I know that getting on the bottom rung of the property game is hard work and requires a lot of saving but had never considered that the next level requires essentially 2 deposits!? Do peeps buying £400k houses just happen to have £40k stuck in the bank?? I know lots of people buying more expensive houses than me and cant imagine they've got that much £££ in their savings account!

    Thanks guys.
     
  3. Skillmister

    Capodecina

    Joined: 3 Oct 2009

    Posts: 19,607

    Location: Wales

    Yes the deposit moves up the chain. But obviously the higher you get up the chain if everyone is up sizing the deposits required get greater and greater. There is often a bit of leeway, most people have no issues accepting a couple of % less for similar value properties.

    But would you want to be a seller at the top of the chain selling a 500k house with only a 10k deposit coming up the chain?

    If you are selling for 150k and buying for 200k it shouldn't be an issue using your sale deposit on the purchase.
     
  4. agw_01

    Capodecina

    Joined: 11 Apr 2004

    Posts: 19,690

    I've had my mortgage offer and the searches have started to come through from my solicitor. Some warnings of contaminated ground but it's an old mining area so to be expected really.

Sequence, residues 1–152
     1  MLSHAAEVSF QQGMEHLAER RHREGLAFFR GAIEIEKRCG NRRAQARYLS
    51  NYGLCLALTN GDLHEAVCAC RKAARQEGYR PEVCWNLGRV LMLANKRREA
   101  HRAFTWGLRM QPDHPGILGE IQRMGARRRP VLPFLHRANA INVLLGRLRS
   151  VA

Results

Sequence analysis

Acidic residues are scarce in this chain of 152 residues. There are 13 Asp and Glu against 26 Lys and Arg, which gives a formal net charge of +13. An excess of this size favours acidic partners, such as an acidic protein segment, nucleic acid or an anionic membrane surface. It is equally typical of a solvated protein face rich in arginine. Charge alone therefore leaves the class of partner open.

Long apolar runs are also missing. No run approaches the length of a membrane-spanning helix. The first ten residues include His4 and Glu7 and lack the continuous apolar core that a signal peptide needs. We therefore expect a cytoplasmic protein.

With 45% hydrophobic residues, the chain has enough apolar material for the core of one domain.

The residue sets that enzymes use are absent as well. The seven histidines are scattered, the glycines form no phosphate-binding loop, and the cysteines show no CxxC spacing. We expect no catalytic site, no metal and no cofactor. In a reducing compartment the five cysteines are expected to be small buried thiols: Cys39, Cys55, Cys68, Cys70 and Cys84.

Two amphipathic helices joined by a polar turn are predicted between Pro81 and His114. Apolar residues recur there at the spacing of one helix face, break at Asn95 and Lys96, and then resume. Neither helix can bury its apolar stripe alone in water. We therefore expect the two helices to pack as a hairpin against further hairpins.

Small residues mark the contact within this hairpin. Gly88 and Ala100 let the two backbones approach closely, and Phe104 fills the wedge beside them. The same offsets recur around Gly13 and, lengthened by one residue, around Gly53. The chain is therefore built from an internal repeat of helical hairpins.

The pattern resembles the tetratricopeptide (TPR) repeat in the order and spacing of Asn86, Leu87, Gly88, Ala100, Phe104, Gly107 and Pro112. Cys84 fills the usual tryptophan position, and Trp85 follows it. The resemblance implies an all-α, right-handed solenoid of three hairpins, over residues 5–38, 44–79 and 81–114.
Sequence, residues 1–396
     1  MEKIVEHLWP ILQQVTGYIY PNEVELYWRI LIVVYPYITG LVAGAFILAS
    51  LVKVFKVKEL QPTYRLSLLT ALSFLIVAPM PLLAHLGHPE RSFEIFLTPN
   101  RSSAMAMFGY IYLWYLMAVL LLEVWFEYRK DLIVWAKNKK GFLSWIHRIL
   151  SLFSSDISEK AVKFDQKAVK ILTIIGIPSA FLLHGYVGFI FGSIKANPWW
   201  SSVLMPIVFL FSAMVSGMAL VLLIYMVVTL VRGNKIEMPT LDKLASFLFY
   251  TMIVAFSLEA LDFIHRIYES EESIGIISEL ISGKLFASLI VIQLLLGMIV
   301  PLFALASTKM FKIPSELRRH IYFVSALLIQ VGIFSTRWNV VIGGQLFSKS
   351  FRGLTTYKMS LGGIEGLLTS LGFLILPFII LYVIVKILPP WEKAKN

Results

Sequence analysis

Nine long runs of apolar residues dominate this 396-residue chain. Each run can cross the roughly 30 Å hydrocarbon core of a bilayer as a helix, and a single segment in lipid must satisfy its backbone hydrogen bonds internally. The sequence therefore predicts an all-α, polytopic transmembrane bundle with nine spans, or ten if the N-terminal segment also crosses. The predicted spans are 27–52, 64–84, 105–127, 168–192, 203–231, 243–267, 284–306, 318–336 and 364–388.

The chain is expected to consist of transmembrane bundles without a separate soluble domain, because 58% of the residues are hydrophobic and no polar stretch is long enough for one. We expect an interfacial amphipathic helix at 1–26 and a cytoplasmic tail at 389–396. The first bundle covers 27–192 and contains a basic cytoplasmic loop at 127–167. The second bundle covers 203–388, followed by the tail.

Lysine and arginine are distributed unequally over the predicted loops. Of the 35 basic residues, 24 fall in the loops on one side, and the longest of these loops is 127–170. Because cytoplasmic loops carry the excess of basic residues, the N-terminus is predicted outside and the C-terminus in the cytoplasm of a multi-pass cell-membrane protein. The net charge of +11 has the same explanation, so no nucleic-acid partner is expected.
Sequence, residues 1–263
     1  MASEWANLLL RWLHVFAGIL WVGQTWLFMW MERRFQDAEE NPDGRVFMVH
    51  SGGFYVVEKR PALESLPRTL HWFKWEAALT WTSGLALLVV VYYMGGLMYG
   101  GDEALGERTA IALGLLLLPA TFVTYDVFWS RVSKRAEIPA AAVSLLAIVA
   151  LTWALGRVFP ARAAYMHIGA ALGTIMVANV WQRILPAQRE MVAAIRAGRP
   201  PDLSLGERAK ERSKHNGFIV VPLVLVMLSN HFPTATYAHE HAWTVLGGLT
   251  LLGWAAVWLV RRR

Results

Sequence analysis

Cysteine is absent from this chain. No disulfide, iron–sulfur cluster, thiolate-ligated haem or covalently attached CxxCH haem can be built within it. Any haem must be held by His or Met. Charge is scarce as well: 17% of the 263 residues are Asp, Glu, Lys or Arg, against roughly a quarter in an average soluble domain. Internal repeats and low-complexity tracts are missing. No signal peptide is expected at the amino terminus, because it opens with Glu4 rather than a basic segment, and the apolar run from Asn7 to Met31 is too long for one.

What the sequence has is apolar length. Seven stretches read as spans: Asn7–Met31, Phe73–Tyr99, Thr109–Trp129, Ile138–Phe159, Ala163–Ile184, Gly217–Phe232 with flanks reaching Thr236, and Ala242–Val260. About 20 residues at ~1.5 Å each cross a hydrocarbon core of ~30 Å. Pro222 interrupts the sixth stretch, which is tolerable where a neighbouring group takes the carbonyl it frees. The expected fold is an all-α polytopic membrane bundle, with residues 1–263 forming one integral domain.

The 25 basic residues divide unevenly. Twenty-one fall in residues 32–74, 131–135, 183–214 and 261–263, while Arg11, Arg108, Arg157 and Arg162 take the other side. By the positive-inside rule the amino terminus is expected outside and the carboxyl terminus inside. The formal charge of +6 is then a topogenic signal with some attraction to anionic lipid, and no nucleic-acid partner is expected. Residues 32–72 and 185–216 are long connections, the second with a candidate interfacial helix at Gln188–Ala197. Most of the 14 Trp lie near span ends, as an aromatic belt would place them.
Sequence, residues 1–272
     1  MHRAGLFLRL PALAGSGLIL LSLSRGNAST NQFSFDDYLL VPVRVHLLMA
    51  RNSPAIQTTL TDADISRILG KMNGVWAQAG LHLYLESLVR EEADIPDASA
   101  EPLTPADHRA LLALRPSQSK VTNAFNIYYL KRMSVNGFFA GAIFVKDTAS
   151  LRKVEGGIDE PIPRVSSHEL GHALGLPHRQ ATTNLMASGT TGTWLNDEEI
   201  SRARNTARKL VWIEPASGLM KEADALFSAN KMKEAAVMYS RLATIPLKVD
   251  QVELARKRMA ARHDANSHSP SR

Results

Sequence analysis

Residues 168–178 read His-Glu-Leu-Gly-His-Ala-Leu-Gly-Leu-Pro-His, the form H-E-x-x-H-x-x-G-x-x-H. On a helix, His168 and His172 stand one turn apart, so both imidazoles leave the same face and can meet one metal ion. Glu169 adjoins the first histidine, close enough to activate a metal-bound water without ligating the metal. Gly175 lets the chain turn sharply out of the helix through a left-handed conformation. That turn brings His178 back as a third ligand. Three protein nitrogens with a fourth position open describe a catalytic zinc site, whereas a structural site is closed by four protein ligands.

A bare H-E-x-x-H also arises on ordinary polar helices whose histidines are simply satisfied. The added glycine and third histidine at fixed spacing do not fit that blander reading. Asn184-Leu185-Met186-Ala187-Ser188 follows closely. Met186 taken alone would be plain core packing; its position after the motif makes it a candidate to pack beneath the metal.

So far nothing to be overly concerned about which is good. My solicitor seems to be pretty decent, I hear from them every few days with updates. I can't say the same for the seller's solicitor though. My solicitor has contacted them a few times to clarify some details and to my knowledge, hasn't heard anything back.

    I was talking to my mortgage advisor about life insurance and payment protection. Bit of a minefield trying to decide what I do and don't need. I feel that I should have something in place but don't want to pay over the odds for something I'll hopefully never use.
     
  5. rah^

    Hitman

    Joined: 27 May 2007

    Posts: 883

    Location: Leeds!

    Things are rumbling along, exchange wont be this Friday just by the nature of my buyers slow solicitor!
     
  6. Woogie

    Mobster

    Joined: 18 Nov 2011

    Posts: 2,561

    Location: Caddington